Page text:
President Donald Trump is quite possibly the most famous Twitter troll in the world. He has been posting inflammatory remarks on the site through his @realDonaldTrump account since long before he became president. As far as trolls go, however, he is quite thin-skinned, and along the way he has blocked quite a few people who have criticized him.
I’m one such person he has blocked on Twitter. He blocked me years before he became president. I’m not sure exactly when, but I think it was after I tweeted this at him while he was ranting about President Barack Obama for not shutting down travel from Ebola-infected countries:
While I get a bit of satisfaction from the idea that the now-most powerful man in the free world couldn’t handle my criticism, it poses challenges. For example, I have to write about the president sometimes, and when that includes things he tweeted, I have to log out or use a dummy account to see what he even said first.
Other people have had this problem too, and some have gone so far as to say it is a violation of their First Amendment rights, since he is using his Twitter account in an official government capacity, and therefore this information cannot be blocked from people based on their political views.
That is the thrust of a lawsuit brought in federal court by Columbia University’s Knight First Amendment Institute on behalf of a group of Twitter users. Among the plaintiffs are Holly Figueroa O’Reilly, who replied to a tweet of Trump with an image of the Pope rolling his eyes, and Rebecca Buckwalter, who tweeted at him, “To be fair you didn’t win the WH: Russia won it for you.” Last May, Manhattan federal judge Naomi Reice Buchwald ruled in their favor, saying Twitter constitutes a public forum and a block from a politician limits a person’s “right to speak in a discrete, measurable way.”
On Tuesday, the Justice Department argued for Trump as the appeal of that case was heard before a three-judge panel in Manhattan. Trump, the DOJ lawyers said, may tweet from the @realDonaldTrump account in his official capacity, but when he blocks people, he is blocking them as a private citizen, and not “wielding the power” of the federal government. Which is a really convenient argument — Trump can have all the authority of the government on his Twitter account, but none of its responsibilities.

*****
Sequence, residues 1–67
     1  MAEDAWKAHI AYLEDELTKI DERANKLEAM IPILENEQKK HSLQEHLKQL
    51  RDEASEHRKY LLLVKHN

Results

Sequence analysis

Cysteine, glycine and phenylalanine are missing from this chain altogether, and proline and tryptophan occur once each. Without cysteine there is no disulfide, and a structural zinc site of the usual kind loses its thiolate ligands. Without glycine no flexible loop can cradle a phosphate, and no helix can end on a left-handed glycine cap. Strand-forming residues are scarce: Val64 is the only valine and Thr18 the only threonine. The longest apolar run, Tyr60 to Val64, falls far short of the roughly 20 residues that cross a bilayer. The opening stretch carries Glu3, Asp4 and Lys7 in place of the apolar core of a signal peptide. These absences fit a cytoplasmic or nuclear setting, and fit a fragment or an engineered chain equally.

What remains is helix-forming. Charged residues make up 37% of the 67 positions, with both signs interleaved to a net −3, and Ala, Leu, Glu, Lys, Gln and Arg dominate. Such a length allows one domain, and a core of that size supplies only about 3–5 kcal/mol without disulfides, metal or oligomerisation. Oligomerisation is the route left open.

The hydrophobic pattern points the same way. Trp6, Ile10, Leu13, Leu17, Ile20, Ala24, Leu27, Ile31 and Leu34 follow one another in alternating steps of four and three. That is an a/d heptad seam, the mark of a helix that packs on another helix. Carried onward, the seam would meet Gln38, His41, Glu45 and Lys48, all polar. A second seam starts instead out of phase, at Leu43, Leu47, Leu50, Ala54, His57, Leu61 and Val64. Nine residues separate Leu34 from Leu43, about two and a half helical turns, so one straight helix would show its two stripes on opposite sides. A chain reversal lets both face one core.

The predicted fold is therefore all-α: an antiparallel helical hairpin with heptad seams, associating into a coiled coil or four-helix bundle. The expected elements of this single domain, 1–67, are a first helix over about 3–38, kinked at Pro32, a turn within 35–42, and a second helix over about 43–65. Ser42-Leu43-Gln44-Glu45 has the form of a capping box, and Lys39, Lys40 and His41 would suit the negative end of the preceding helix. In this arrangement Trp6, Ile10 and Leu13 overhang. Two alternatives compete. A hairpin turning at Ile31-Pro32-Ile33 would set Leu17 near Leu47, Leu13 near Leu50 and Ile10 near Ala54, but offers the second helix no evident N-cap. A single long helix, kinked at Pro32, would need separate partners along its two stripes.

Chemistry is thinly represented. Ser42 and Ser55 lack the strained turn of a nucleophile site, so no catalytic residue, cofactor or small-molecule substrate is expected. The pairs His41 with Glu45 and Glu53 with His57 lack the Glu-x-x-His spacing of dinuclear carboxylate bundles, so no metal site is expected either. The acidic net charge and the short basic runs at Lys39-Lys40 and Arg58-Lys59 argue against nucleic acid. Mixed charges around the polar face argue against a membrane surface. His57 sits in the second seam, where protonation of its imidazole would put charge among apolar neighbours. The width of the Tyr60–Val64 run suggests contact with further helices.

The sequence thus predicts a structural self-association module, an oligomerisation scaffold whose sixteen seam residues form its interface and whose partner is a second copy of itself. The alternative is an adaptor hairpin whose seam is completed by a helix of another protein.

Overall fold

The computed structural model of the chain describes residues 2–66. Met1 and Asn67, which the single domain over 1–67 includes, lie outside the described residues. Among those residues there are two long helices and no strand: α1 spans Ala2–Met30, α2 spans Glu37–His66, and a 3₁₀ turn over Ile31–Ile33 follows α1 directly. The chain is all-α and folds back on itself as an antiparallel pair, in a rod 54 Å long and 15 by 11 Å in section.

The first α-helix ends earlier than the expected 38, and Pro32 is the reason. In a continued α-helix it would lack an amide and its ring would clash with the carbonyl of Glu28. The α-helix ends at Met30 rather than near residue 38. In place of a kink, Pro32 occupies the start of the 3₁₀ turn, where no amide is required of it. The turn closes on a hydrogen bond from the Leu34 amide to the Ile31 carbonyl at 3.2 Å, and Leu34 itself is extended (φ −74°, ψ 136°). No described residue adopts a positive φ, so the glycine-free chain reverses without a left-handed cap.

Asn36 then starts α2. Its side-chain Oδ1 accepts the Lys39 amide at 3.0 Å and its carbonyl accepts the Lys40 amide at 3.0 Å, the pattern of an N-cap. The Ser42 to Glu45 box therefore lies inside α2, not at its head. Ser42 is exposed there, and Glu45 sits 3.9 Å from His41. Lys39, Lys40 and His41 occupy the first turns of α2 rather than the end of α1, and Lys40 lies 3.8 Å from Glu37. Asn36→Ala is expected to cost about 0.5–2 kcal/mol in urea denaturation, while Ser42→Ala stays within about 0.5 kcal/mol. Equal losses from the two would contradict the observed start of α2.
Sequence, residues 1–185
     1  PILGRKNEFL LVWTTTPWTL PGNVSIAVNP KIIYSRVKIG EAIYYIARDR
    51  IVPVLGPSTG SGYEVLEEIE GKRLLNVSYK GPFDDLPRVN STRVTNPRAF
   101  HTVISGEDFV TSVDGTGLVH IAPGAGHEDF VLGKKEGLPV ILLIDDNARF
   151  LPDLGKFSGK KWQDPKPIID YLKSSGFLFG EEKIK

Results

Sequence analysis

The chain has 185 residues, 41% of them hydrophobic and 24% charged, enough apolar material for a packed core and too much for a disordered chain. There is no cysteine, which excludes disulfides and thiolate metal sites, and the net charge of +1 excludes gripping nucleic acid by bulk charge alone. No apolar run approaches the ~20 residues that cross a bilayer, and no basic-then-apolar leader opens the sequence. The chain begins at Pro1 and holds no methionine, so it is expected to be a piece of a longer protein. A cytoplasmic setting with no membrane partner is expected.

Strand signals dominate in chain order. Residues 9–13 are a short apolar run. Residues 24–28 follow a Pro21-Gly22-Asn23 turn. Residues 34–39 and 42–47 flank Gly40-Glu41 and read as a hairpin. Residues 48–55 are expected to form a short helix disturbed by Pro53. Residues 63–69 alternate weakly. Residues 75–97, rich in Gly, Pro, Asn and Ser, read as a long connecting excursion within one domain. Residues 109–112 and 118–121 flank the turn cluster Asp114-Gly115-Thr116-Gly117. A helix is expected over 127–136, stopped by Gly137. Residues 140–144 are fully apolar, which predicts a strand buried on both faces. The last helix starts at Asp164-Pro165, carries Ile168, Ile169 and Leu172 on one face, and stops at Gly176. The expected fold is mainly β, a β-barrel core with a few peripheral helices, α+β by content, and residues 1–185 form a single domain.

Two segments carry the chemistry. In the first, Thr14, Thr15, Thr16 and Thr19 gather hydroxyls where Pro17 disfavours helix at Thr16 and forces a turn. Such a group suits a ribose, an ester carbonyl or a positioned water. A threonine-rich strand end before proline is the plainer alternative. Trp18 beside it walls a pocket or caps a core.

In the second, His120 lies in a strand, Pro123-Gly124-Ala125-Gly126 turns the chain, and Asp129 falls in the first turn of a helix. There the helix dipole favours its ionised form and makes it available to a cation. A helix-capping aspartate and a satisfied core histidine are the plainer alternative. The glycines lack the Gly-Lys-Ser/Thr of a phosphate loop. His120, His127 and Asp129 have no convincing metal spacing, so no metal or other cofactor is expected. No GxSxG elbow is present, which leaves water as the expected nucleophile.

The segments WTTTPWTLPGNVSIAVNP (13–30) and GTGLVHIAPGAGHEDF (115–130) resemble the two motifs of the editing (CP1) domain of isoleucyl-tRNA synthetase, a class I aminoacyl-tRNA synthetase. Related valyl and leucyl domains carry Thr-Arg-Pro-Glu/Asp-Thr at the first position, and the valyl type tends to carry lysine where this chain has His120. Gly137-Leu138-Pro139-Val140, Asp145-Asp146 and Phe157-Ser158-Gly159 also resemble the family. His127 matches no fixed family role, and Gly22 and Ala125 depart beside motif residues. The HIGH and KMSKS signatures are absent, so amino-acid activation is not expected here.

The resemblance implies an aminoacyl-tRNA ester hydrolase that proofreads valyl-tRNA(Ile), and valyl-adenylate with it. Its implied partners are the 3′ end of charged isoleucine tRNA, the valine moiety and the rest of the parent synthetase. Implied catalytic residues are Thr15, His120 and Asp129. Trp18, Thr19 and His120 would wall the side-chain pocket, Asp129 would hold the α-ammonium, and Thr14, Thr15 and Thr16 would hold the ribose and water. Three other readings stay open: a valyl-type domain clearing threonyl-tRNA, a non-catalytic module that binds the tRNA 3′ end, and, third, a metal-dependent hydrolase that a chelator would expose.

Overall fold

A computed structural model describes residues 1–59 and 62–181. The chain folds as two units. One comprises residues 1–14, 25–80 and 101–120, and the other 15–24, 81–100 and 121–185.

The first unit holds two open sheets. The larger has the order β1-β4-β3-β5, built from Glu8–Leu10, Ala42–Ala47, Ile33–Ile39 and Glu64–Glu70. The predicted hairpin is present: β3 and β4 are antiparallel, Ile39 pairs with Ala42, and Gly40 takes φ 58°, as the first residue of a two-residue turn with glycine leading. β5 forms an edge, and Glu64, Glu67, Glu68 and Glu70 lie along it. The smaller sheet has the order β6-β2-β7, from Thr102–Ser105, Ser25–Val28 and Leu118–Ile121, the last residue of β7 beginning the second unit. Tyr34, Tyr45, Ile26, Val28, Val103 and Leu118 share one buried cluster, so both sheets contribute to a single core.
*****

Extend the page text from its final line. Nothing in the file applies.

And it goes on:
Most politicians have both two separate social media accounts, one for official government services and another for personal or campaign-related material. In theory, Trump has that setup too — he has a separate government account called @POTUS, run by White House social media director Dan Scavino. But in practice, he mingles government and personal business on his @realDonaldTrump account all the time, and even the DOJ’s lawyers didn’t try to dispute it. He has even used that account to make major policy announcements, like the military transgender ban and the recognition of Israel’s sovereignty over the Golan Heights. These are things that the average citizen might want to comment on, and Trump’s use of the block button prevents everyone from having the equal ability to do that.
Indeed, the judges on Tuesday pointed out a pretty big hole in Trump’s argument: if Trump’s blocking habits are in his personal capacity, why are government attorneys at the DOJ coming to the defense of his right to do it? “It is curious to me that the Justice Department is here representing him,” said Judge Peter Hall. “Your very presence here represents that this is a public forum.”
It remains to be seen whether I will ever have unfettered access to the president’s tweets again. But it is yet another example of how Trump’s lack of respect for tradition and norms is leading to unique legal situations.